Are Swedish Fish Vegan?

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Quick Answer: For the most part, Swedish Fish meet vegan standards, but it's complicated. It kind of depends on how you define your vegan diet, which we're going to explain in full detail.

Let's get started...​​

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Ingredients

Here are the ingredients as listed on a package of Swedish Fish:

Ingredients: Sugar, Invert Sugar, Corn Syrup, Modified Corn Starch, Citric Acid, White Mineral Oil, Artificial Flavors, Red 40 And Carnauba Wax.

For most vegans, none of these ingredients particularly stand out as non-vegan. If you're wondering what carnauba wax is, it's a waxy substance derived from the leaves of a Brazilian palm plant. It's vegan, and it's a super common ingredient in candy.

Still, there are questions that many vegans have about some of these ingredients, including sugar and food dyes (the Red 40).

What You Should Know

Sugar

The question of whether sugar is vegan has certain aspects that frequently arise for discussion in the vegan community.

It's not that sugar contains animal products. The problem lies in how the sugar may be processed.

Some refined sugars are filtered through animal bones. However, bone char is commonly used for filtering regular table sugar (and sometimes brown sugar) that isn't explicitly marked as vegan sugar—or organic.

USDA regulations do not permit animal bones to be used when filtering sugar. It's pretty difficult to ascertain how sugar is processed short of inquiring directly with the manufacturer, so some vegans prefer to buy organic sugar. 

However, because many vegans prefer to minimize the million things they need to worry about in terms of potentialities, not everyone avoids regular sugar.

If you're new to veganism, it's best to simplify things as much as possible so that it doesn't become overwhelming.

Artificial Colors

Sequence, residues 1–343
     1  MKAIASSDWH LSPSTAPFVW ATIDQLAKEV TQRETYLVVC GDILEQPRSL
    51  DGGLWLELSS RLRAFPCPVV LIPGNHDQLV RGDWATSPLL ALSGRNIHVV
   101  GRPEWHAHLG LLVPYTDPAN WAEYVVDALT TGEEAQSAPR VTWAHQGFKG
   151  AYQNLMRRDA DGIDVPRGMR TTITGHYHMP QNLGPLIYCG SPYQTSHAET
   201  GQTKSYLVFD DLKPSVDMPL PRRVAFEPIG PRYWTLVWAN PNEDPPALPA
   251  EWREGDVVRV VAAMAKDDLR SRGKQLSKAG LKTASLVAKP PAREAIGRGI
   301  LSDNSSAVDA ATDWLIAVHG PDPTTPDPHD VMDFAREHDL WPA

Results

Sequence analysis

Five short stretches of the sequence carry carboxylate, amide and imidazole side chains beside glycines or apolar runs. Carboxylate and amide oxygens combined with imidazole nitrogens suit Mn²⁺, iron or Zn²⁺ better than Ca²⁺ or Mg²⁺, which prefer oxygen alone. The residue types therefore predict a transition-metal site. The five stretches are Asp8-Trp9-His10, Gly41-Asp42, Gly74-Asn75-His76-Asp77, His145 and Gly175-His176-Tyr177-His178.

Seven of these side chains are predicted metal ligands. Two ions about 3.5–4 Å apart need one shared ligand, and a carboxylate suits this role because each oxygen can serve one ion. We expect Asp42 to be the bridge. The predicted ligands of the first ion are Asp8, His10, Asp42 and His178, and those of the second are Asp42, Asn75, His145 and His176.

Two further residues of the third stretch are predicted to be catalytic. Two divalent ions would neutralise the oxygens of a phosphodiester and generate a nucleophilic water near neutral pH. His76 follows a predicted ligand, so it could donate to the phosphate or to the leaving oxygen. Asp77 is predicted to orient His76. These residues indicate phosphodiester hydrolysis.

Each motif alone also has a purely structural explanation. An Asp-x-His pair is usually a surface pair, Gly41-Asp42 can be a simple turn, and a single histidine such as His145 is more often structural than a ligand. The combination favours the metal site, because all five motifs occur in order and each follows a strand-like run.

Artificial food dyes are also concerning not for what they contain, but for how they're used before they make it to the market.

Most artificial food dyes undergo animal testing before they can be sold in stores for human consumption. 

Avoiding products tested on animals is a huge part of being vegan. It's why we shop for cruelty-free household cleaners, personal care products and cosmetics.

There are certifiable vegan food coloring options out there, which vegans will usually go for when cooking and baking at home. But the artificial dyes can be hard to get around in prepackaged foods.

Vegans are forced to make a lot of decisions about what they're going to eat and not eat throughout the day—probably quite a few more than the average person eating a standard American diet.

At the end of the day, avoiding products like refined sugar and food dye doesn't do much for the animals in this day and age. Whether or not these products are still being tested is unknown.

The decision, however, is up to you. The Vegetarian Resource Group puts it on their "typically vegan" list.

Beeswax

Rumor has it that some Swedish Fish contain beeswax. For vegans who don't eat honey or any other bee byproduct, this will be problematic.

As you can see from the ingredients listed above, Swedish Fish are not necessarily going to contain beeswax. But many people in the U.S. report finding it in their Swedish Fish when they read the labels.

It seems like it could go either way. But if you know that you don't want to eat beeswax and you get a package of beeswax-containing Swedish Fish, it's an easy decision to toss it out. If you don't avoid honey, it may not be an issue for you.

Again, if you're new to veganism, do some research to find out where you ultimately fit into the honey and beeswax discussion.

But keep checking the labels on those Swedish Fish, even if you aren't opposed to beeswax.

The ingredients in candies and other food products are subject to change from time to time. For this reason, it's good practice to double-check every once in a while, and brush up on your knowledge of company practices and federal regulations.

Bottom Line

Whether you want to consume this candy as a vegan or not is pretty much up to you. If you're new to the lifestyle, I'd suggest giving up all labeled animal products and encouraging others to do the same rather than focusing on minute details such as those in Swedish fish.

That would have the most difference for the animals and for the planet.

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